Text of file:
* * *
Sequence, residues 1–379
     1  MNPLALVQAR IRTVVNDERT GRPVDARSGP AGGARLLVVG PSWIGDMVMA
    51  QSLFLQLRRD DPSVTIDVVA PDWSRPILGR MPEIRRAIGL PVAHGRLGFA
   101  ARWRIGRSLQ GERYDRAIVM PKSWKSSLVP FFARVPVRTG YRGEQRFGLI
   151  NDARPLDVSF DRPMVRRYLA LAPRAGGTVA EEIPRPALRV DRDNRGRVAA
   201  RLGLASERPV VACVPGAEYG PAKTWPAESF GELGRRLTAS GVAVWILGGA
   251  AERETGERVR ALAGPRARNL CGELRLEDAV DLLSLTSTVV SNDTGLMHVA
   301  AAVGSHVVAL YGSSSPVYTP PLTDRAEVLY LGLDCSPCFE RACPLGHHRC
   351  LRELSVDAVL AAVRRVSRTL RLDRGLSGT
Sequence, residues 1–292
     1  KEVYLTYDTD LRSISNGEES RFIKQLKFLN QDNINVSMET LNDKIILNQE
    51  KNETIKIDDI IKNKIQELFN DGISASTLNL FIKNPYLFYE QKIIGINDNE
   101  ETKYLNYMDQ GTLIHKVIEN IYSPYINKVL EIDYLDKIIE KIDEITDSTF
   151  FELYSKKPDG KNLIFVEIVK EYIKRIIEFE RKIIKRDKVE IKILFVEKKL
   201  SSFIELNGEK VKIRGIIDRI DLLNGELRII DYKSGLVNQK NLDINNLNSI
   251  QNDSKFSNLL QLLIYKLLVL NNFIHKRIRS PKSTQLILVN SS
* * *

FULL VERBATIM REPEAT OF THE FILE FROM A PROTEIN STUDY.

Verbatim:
Sequence, residues 1–379
     1  MNPLALVQAR IRTVVNDERT GRPVDARSGP AGGARLLVVG PSWIGDMVMA
    51  QSLFLQLRRD DPSVTIDVVA PDWSRPILGR MPEIRRAIGL PVAHGRLGFA
   101  ARWRIGRSLQ GERYDRAIVM PKSWKSSLVP FFARVPVRTG YRGEQRFGLI
   151  NDARPLDVSF DRPMVRRYLA LAPRAGGTVA EEIPRPALRV DRDNRGRVAA
   201  RLGLASERPV VACVPGAEYG PAKTWPAESF GELGRRLTAS GVAVWILGGA
   251  AERETGERVR ALAGPRARNL CGELRLEDAV DLLSLTSTVV SNDTGLMHVA
   301  AAVGSHVVAL YGSSSPVYTP PLTDRAEVLY LGLDCSPCFE RACPLGHHRC
   351  LRELSVDAVL AAVRRVSRTL RLDRGLSGT
Sequence, residues 1–292
     1  KEVYLTYDTD LRSISNGEES RFIKQLKFLN QDNINVSMET LNDKIILNQE
    51  KNETIKIDDI IKNKIQELFN DGISASTLNL FIKNPYLFYE QKIIGINDNE
   101  ETKYLNYMDQ GTLIHKVIEN IYSPYINKVL EIDYLDKIIE KIDEITDSTF
   151  FELYSKKPDG KNLIFVEIVK EYIKRIIEFE RKIIKRDKVE IKILFVEKKL
   201  SSFIELNGEK VKIRGIIDRI DLLNGELRII DYKSGLVNQK NLDINNLNSI
   251  QNDSKFSNLL QLLIYKLLVL NNFIHKRIRS PKSTQLILVN SS